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Ph d proposal_seminar_apurva_pandya 21aug2010
 

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PhD Proposal Seminar in the Department of Human Development and Family Studies, M S University of Baroda. I presented PhD Seminar in front of PhD Committee, post graduate student, and research ...

PhD Proposal Seminar in the Department of Human Development and Family Studies, M S University of Baroda. I presented PhD Seminar in front of PhD Committee, post graduate student, and research scholars. However, after interaction with various experts in USA, I have changed my methodology of my PhD research. To see revised PhD proposal check another presentation: PhD_Proposal Seminar_Revised_

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  • Move the conceptual framework slide before the objectives (that is, after the rationale).
  • Check the spelling of counselors. Keep it single l at all places. Need to state the main domains in the survey. Keep the draft questionnaire with you in case of need.
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Ph d proposal_seminar_apurva_pandya 21aug2010 Ph d proposal_seminar_apurva_pandya 21aug2010 Presentation Transcript

  • HIV Counseling Practices: Experiences and Perspectives of Counselors Working with Targeted Interventions in Gujarat PhD Research ProposalApurva Pandya, MA Shagufa Kapadia,PhD Researcher ResearchGuide Department of Human Development and Family Studies Faculty of Family and Community Sciences, M S University of Baroda, Vadodara 21 August 2010 1
  • A GLOBAL VIEW OF HIV INFECTION 33 million people [30–36 million] living with HIV, 2007 Number of people living with HIV 33.2 Million Young people aged 15–24 living with HIV 5.4 million Children below 15 years living with HIV 2.5 Million 2
  • GLOBAL SCENARIO Everyday 6800 people get HIV infection. 96% are belong to poor and middle income countries. 5600 are adult,1200 are children and out of which 50% are women and 40% are young (15-24 years of age). Negative impact on life ( life expectancy, orphans, economic crisis, stigma and discrimination). 3
  • TYPES OF HIV/AIDS EPIDEMICNASCENT EPIDEMIC An HIV epidemic in a country in which less than 5% of individuals in high-risk groups are infected.CONCENTRATED EPIDEMIC An HIV epidemic in a country in which 5% or more of individuals in high-risk groups, but less than 5% of women attending urban ante-natal clinics are infected.GENERALISED EPIDEMIC An HIV epidemic in a country where more than 5% of individuals in high-risk groups as well as women attending urban ante-natal clinics are infected.(World Bank, 1997, 87) It is easier to control a nascent epidemic than a generalised one. 4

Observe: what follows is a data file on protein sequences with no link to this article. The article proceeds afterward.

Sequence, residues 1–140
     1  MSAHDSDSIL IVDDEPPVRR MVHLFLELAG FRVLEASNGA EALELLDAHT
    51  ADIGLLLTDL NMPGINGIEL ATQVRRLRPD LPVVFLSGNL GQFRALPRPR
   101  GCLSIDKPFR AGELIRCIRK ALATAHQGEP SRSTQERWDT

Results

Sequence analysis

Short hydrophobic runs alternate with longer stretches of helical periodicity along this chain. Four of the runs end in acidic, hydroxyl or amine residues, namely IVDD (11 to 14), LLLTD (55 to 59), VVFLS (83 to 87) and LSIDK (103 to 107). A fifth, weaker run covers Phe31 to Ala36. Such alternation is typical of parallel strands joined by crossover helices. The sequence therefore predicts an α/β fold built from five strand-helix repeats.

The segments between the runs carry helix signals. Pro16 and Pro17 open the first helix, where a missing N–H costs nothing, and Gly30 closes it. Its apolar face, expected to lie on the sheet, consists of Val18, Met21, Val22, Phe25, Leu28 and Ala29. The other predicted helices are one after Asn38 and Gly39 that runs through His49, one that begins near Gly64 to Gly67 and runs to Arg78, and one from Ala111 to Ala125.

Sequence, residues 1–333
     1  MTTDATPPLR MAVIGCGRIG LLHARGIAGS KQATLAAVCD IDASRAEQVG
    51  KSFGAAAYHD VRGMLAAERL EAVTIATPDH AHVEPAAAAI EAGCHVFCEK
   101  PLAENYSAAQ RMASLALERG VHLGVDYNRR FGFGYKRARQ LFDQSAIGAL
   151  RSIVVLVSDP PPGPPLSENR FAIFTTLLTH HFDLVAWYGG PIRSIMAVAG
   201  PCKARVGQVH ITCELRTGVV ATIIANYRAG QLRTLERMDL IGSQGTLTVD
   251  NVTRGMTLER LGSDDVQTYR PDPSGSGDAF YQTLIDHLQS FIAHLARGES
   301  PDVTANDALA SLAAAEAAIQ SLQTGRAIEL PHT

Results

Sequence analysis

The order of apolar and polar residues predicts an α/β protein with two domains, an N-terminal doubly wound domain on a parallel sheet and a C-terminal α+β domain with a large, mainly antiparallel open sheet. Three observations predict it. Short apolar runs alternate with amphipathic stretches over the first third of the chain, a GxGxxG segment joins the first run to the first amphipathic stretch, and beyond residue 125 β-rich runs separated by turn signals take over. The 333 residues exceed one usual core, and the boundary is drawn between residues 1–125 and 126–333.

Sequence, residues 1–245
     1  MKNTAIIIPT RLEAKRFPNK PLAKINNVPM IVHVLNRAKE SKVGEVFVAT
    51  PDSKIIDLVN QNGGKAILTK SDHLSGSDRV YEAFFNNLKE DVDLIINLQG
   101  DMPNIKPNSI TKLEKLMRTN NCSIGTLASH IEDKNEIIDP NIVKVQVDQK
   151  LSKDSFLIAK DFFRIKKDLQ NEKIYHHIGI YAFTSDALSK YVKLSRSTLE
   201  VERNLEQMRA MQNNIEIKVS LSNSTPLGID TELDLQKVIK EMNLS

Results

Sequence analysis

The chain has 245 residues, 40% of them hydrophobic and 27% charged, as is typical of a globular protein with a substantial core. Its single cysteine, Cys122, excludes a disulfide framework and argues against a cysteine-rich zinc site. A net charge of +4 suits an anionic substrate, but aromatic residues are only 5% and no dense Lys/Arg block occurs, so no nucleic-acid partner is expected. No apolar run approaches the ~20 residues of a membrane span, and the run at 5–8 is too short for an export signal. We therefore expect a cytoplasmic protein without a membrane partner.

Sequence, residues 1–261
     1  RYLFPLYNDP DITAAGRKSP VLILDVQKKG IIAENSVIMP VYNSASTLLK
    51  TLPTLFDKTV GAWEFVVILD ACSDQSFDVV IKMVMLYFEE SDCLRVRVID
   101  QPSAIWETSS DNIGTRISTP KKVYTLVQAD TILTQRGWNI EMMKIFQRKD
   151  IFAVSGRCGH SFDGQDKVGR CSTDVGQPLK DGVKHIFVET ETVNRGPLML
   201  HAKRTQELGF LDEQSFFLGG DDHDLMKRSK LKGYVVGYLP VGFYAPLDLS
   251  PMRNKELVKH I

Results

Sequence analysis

• HIV/AIDS: INDIAN SCENARIO 120000 104087 100000 80000 Number of AIDS cases 56615 60000 40000 12193 20000 8890 0 0-14 years 15-29 years 30-49 years >49 years Age Group Total 1,81,785 people are living with HIV (June,2007). Out of them, 31.2 are women. 5
  • HIV PREVALANCE IN DIFFERENT GROUPS 8.00 IDU, 6.95 7.00 MSM, 6.48 6.00 FSW, 4.9 5.00 4.00 STD, 3.74 3.00onPeyvcsrti 2.00 1.00 ANC, 0.6 0.00 6
  • HIV PREVALANCE IN GUJARAT AND INDIA 7
  • Mode of Transmission of HIV In India 8
  • GLOBAL EFFORTS IN PREVENTION AND CONTROL OF HIV/AIDSPhase-1 Phase 2: Phase3:Up to mid 1990s Mid 1990s to 2000 2000 to dateCharacterised by Health Characterised by Period of paradigmBelief Model [a medical Primary Behaviour ‘shift’, recognition thatproblem] Change (informed by social, community and Health Belief Model and structural factors areMedically and various behaviour important, butepidemiologically driven. change theories and biomedical andEducation and knowledgeare regarded as ‘the key to models) [a behavioural behavioural approacheseffective prevention’ problem] still dominant [a(UNESCO, 2005, 6) development issue]. 9
  • Biomedical and Health BeliefResponse to HIV/AIDS epidemics 10
  • But infections continued to rise… questions asked… Appropriateness for sexual behaviour A Western approach Onus on the individual No understanding of the risk taking environment 11
  • GLOBAL EFFORTS IN PREVENTION AND CONTROL OF HIV/AIDSPhase-1 Phase 2: Phase3:Up to mid 1990s Mid 1990s to 2000 2000 to dateCharacterised by Health Characterised by Period of paradigmBelief Model [a medical Primary Behaviour ‘shift’, recognition thatproblem] Change (informed by social, community and Health Belief Model and structural factors areMedically and various behaviour important, butepidemiologically driven. change theories and biomedical andEducation and knowledgeare regarded as ‘the key to models) [a behavioural behavioural approacheseffective prevention’ problem] still dominant [a(UNESCO, 2005, 6) UN agencies development issue]. combined forces Multi-sectoral approach (SIPPA, 2005, 11) ABC 12 12
  • Sexual Behaviour and BiomedicalDeterminants and Responses to HIV/AIDS 13
  • Health Belief Model and PrimaryBehaviour Change Responses to HIV/AIDS 14
  • But infections continued to rise… questions asked… Why are people still continuing to take risks? Research showing that individual agency is constrained by social, economic and structural factors, such as poverty, mobility and migration patterns and gender inequality (Parker, 2000). 15
  • GLOBAL EFFORTS IN PREVENTION AND CONTROL OF HIV/AIDSPhase-1 Phase 2: Phase3:Up to mid 1990s Mid 1990s to 2000 2000 to dateCharacterised by Health Characterised by Period of paradigmBelief Model [a medical Primary Behaviour ‘shift’, recognition thatproblem] Change (informed by social, community and Health Belief Model and structural factors areMedically and various behaviour important, butepidemiologically driven. change theories and biomedical andEducation and knowledgeare regarded as ‘the key to models) [a behavioural behavioural approacheseffective prevention’ problem] still dominant [a(UNESCO, 2005, 6) UN agencies development issue]. combined forces Tackling HIV/AIDS Multi-sectoral becomes a approach (SIPPA, Millennium 2005, 11) ABC Development Goal 16 16
  • THE WIDER PICTURE OF THE FACTORSTHAT FACILITATE HIV TRANSMISSION 17